Every once in a while, you start into a book not knowing what you are getting yourself into. This is precisely what happened to me when I began reading Trick Mirror: Reflections on Self-Delusion by Jia Tolentino. Initially, I believed this book to be an analysis on the many ways we humans indulge in our little misconstructions to help us justify our actions and rationalize our behavior. Instead, I found myself reading a well-written and insightful memoir of the author’s life and thoughts about a variety of interesting subjects that are especially relevant to young women. Through the nine essays, the reader is granted peeks into engaging episodes of the author’s life.
Reality TV Me
One essay that stood out to me, in particular, is “Reality TV Me.” In this chapter, Tolentino describes her experience on the fourth season of the reality game show called “Girls v. Boys.” In the show, girls and boys team up against each other to undertake a series of absurd games like racing canoes filled with holes and eating dog food with one’s arms tied behind one’s back all in the pursuit of winning the ultimate cash prize at the end of the competition. Our self-delusions shine most clearly when we are forced to confront the person we are from the ‘third person.’ Watching herself on a reality show, Tolentino is able to recognize how the person she thinks she is actually plays out in real life. Some of her memories of being on set, she admits, are distorted as a result of the way she chooses to remember such events. For example, when something embarrassing happens on the show, Tolentino convinced herself to remember the event in a way to soothe her ego rather than retain the objective reality of the situation. We all (fortunately!) do not have a stack of VHS tapes that force us to confront our self-delusions so clearly, which makes Tolentino’s recount of events certainly an interesting tale.
I Thee Dread
Tolentino ends her series of essays with a lament on marriage with the chapter aptly titled “I Thee Dread.” In this essay, Tolentino notes that she and her boyfriend are in their early 30s, aka the time when everyone seems to be tying the knot or is already celebrating the anniversary of their memorable walks down the aisle, which makes this issue particularly topical.
It is as if Tolentino’s strong opinions on the role of women, popular culture, and even capitalism are introduced just to culminate on her views of marriage. Marriage has a long and complex history. In her essay “Pure Heroines,” Tolentino describes how female protagonists in Victorian literature feared that they would lose their independence and joie de vivre once they said “I do” to their betrothed. Marriage was once “the end,” which meant that for better or for worse and ‘til death do you part, you are a party to this sacred and indivisible union. The indelibility of marriage, however, is not why Tolentino is dubious about the institution. It is rather the explicit inequality that marriage has burdened women with for much of its existence that gives the author pause about entering into such a union. Until 1922, a woman was required to take the citizenship of her husband and give up her own upon marriage. Until 1972, a married woman was compelled to take her husband’s last name at nuptials. Until the Equal Credit Opportunity Act of 1974, wives required their husbands’ signatures for their personal credit card applications, but (surprise, surprise) husbands needed no such permission. Finally, it was not until 1993 that marital rape was considered a crime in all 50 states (which of course can happen to both genders but women are 14 times more likely to be victims of rape). Luckily, marriage has changed in many beautiful ways! However, weddings have also become exorbitantly expensive and overly symbolic endeavors in recent decades, which is another reason for Tolentino’s skepticism.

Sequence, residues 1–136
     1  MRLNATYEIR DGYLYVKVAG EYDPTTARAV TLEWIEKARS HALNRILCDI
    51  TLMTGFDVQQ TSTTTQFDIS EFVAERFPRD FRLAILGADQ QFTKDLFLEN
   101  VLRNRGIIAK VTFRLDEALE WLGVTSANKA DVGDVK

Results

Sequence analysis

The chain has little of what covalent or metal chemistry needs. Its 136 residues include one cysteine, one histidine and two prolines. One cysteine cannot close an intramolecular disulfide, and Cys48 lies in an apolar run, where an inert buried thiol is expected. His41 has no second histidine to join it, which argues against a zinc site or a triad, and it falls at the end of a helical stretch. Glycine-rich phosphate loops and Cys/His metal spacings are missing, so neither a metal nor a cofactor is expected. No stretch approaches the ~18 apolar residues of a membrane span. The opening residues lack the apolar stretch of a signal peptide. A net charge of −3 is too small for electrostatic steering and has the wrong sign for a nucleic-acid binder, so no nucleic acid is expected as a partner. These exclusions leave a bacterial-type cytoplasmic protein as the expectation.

In addition to the above essays, Tolentino also discusses religion, politics, rape culture, and the role of women in society through vignettes of her life as well as important moments in popular culture. Even if you are not a fan of memoirs, you may enjoy her retellings of stories that briefly and violently captured the attention of the nation over the past few decades including Billy McFarland’s, infamous for the Fyre Festival scam that stranded thousands of Millennials in the Bahamas in 2017 and the University of Virginia ‘gang rape’ in 2014 that made headlines when the Rolling Stones article detailing the case turned out to be loaded with false information.
This book was – wow! I did not expect such depth or detail to what I essentially mistook as a self-help book. If you are a fan of essay books, pop-culture, feminism, literature or just books that make you think, do consider picking up a copy of Trick Mirror, it just might surprise you!